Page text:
1. Limited or No Access

With loose fasteners access to both sides of the joint is required. First to place the fasteners and start the thread, and then to hold one member with a wrench while the other member is tightened with another wrench or power driver. In the case of no access to one side, such as a closed tank, aircraft wing, or midpoint of a long hollow tube, Atlas® Brand blind threaded inserts can even be installed with one side only access. Because these inserts provide both push-out and spin-out resistance, the mating threaded fastener (typically a screw) can be assembled and tightened with one side only access.

When there is access to both sides of the joint during manufacturing, other means of mechanical attachment can be used. Although self-clinching into ductile metal panels is the most common, broaching, flaring, welding, riveting, and reflow soldering (SMT) can also be used for mechanical attachment. The details of the application determine the most appropriate method of mechanical attachment. See our “Engineering Guide to Mechanical Attachment Methods” for details. All of these methods require access to both sides of the sheet for installation (attachment) of the fastener. However, all of these methods provide adequate levels of push-out and torque-out for engaging and tightening of the mating screw or nut without the need to hold the attached fastener with a wrench of any kind.

2. Potential for Damage from Loose Hardware

Loose fasteners will not cause damage in their assembled condition. It is only when they are present in the device in an unassembled condition that they have the potential to cause damage. So how can unassembled loose fasteners be present in a device?

There are three primary ways listed below, but there are many other ways that things can go wrong.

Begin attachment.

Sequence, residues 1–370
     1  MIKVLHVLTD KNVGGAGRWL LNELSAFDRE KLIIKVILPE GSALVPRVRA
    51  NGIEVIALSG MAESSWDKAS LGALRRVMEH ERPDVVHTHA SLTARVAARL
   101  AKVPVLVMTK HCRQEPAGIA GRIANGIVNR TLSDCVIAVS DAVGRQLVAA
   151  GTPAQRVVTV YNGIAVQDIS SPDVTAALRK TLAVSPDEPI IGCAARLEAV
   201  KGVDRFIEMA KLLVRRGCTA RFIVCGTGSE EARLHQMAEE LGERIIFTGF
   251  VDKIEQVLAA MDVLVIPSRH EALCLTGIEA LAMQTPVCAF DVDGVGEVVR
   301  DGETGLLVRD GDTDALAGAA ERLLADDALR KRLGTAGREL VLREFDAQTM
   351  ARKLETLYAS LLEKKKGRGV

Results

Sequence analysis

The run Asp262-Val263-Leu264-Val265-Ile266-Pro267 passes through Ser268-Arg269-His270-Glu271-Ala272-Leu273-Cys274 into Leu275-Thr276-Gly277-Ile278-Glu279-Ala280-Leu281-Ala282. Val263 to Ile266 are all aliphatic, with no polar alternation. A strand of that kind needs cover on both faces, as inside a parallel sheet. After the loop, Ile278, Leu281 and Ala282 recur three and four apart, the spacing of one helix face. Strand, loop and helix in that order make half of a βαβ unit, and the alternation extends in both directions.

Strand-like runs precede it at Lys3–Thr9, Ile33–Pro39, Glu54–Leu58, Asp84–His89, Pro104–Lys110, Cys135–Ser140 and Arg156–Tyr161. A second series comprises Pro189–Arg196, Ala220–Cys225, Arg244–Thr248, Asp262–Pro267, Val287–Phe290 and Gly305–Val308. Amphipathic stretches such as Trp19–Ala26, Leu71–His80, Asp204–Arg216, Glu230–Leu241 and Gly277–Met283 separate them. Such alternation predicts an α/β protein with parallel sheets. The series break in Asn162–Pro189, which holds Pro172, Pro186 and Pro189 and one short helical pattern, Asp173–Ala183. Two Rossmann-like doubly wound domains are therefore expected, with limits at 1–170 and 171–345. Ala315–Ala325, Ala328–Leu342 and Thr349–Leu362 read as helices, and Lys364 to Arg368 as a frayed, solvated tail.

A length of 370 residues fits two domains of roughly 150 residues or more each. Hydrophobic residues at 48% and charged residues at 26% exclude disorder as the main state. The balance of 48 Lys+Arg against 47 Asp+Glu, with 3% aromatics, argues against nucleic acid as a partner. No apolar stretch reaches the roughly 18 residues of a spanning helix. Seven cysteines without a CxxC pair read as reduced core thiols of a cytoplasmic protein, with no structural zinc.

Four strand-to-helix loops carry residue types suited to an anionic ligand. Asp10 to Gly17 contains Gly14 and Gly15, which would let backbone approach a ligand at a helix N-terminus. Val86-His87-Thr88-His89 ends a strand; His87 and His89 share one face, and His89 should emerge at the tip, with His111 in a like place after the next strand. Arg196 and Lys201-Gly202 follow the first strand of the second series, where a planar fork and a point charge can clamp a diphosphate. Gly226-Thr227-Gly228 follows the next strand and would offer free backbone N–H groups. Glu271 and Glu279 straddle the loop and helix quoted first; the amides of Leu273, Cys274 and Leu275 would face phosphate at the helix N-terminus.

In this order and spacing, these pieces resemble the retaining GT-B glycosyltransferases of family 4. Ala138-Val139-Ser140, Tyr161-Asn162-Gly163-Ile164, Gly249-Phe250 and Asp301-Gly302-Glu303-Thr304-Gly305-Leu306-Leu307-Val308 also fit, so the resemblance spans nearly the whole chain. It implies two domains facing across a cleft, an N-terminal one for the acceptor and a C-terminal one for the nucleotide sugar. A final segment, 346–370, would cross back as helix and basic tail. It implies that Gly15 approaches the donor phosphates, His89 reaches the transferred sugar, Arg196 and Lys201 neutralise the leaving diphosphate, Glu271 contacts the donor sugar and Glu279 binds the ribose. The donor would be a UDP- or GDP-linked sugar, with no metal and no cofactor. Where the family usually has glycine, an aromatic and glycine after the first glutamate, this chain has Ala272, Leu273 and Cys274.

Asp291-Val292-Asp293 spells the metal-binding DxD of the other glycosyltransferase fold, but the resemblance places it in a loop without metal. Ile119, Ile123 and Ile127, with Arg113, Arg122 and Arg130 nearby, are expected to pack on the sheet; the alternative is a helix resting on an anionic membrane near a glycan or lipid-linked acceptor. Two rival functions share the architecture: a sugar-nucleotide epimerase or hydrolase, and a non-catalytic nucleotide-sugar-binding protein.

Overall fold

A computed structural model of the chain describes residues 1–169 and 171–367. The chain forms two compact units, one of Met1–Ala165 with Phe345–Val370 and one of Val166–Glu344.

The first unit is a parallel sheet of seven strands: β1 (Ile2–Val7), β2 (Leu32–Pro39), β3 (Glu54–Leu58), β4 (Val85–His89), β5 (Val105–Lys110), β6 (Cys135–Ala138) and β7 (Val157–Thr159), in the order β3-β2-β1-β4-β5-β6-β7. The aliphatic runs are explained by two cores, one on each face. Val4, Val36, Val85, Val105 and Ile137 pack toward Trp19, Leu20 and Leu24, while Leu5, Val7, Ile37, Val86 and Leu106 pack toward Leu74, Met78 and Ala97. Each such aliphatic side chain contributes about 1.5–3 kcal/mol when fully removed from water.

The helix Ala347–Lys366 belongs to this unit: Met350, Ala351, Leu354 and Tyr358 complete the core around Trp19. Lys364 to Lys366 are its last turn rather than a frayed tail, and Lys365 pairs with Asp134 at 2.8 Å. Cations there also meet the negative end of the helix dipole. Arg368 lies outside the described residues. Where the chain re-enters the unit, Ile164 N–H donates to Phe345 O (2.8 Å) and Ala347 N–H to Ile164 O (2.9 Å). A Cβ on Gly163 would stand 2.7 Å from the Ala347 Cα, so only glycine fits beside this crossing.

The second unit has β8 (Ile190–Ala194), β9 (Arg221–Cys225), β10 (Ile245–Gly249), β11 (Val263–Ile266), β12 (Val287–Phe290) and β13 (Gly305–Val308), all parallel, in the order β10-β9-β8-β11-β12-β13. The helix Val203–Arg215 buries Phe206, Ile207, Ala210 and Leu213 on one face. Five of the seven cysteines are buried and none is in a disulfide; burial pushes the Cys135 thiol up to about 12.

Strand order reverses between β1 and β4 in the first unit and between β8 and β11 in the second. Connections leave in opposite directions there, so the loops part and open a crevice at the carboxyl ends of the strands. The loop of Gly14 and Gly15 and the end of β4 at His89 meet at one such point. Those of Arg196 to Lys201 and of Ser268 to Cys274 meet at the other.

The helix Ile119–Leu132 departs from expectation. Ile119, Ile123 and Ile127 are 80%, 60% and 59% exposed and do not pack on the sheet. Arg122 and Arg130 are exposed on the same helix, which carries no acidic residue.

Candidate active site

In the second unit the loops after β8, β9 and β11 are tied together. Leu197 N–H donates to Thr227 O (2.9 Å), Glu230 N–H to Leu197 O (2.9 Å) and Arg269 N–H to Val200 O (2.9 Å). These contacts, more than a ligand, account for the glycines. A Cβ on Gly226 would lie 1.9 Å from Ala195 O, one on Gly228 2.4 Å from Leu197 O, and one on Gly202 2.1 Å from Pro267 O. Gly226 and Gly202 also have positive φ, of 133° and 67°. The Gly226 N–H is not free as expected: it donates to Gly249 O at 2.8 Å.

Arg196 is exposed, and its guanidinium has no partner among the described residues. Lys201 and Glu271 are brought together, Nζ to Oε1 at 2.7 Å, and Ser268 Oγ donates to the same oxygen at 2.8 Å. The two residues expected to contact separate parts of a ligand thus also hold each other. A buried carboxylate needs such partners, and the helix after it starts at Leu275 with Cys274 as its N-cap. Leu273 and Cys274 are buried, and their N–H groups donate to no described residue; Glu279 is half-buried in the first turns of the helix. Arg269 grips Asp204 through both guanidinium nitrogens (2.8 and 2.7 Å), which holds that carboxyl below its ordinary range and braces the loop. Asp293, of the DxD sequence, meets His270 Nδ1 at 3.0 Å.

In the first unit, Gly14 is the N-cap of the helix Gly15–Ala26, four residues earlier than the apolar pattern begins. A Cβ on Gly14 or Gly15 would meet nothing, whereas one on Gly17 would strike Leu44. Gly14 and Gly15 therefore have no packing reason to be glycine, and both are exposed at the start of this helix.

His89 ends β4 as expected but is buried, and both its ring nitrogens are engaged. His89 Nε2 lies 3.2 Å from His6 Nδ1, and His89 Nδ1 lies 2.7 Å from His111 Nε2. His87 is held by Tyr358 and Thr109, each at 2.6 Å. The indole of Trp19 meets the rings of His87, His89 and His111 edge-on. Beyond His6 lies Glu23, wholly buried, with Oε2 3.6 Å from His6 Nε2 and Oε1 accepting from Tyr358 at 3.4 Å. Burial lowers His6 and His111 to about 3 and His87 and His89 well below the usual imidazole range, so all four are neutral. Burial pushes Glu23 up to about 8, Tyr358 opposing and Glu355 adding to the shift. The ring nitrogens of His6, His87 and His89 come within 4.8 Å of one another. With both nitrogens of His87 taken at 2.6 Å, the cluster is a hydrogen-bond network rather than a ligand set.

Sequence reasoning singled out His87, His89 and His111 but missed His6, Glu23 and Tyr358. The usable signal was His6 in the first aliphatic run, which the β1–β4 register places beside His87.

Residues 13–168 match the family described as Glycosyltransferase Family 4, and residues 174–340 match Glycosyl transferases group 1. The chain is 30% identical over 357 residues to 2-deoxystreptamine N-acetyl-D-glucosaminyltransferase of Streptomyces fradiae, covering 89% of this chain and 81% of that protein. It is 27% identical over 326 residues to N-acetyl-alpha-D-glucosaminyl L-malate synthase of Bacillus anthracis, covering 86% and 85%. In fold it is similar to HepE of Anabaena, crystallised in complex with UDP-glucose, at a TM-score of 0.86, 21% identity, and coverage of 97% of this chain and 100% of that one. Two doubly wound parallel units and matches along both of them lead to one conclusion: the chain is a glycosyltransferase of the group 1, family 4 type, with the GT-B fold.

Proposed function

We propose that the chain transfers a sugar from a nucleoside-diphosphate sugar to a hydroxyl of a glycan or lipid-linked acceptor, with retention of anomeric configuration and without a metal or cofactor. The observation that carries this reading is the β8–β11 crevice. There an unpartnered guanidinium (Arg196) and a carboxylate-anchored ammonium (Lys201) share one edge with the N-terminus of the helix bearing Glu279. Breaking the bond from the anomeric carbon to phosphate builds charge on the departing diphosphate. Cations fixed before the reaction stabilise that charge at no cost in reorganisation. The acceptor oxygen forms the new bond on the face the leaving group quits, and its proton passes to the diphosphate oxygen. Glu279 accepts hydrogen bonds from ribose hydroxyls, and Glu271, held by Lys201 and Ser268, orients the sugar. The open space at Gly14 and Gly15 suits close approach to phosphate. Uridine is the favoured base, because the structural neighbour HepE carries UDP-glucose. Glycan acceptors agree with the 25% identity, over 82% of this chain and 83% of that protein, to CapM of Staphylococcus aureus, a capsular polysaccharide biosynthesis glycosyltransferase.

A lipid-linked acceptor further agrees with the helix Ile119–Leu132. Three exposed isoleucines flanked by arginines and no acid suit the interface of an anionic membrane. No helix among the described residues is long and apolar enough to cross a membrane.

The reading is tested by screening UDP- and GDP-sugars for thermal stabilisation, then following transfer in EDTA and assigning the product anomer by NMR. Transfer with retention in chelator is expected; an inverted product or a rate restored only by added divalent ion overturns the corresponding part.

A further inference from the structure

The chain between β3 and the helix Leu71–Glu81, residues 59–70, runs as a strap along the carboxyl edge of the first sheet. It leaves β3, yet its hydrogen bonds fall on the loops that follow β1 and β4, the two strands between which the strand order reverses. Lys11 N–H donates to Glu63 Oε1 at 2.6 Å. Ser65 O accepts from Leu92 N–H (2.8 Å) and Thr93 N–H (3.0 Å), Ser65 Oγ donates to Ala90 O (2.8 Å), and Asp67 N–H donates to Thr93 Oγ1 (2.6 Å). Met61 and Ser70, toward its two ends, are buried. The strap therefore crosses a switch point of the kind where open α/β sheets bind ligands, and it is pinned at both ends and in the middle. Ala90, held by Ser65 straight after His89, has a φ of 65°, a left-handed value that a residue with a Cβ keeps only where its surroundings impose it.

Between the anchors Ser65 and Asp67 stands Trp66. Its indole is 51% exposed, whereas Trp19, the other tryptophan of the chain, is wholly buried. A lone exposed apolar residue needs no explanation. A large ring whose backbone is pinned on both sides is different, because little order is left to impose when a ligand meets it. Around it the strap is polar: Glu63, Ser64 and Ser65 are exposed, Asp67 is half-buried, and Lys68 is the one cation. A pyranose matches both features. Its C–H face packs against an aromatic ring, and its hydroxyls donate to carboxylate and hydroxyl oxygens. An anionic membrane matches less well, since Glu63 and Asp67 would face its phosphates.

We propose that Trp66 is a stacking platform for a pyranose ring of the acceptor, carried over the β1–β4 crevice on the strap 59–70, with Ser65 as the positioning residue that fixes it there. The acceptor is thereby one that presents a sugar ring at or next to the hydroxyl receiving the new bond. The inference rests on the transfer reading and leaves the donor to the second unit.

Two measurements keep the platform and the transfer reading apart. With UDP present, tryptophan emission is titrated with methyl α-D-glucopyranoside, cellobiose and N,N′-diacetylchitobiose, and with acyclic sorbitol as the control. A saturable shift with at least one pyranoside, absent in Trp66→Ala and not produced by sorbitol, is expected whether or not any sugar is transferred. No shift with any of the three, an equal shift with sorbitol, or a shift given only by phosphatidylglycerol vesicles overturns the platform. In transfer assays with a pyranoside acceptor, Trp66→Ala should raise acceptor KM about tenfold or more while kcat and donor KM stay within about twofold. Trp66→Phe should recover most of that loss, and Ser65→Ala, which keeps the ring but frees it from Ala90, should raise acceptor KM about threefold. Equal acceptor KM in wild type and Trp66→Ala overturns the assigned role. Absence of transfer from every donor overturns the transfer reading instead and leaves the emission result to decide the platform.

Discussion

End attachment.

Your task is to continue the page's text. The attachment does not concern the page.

1. Fastener was not assembled and could not be retrieved when the device was manufactured
  2. Fastener was inadvertently dropped and could not be retrieved when the device was serviced
  3. Fastener was properly assembled, but vibrated loose and fell apart in service

There is a wide range of severity of damage that unassembled loose fasteners can cause. Severe damage can be caused by an unassembled loose fastener that ends up in the intake manifold of an internal combustion engine. At the other end of the damage spectrum, an unassembled loose fastener that ends up in the bottom of a hollow automotive door panel may cause a rattle under certain driving conditions causing mild customer dissatisfaction. Because most threaded fasteners are metal and conductive, unassembled loose fasteners causing a short circuit is a concern in any device with exposed electrical conductors or PC boards.

Threaded connections always involve two components, one with external threads and one with internal threads. If only one of the two components is mechanically attached, there is still a chance that the other component may become disassembled in one of the three ways above.

In many applications it is acceptable for only one threaded component to be mechanically attached. For example, if mechanically attached fasteners are used inside a device and covers or other components are attached to the outside of the device with loose hardware, there may be minimal risk of damage. If the loose fasteners become unassembled, they will likely be on the exterior of the device with no potential for damage to the device. However, in other applications, any potential for unassembled loose hardware is unacceptable. In these cases, a captive panel fastener assembly allows both components to be mechanically attached. This allows virtually no chance of any unassembled loose hardware. These assemblies provide axial movement of the threaded member, which is typically externally threaded. When multiple fasteners are used to attach a rigid item, this axial float allows the fasteners to be disassembled and re-assembled one at a time.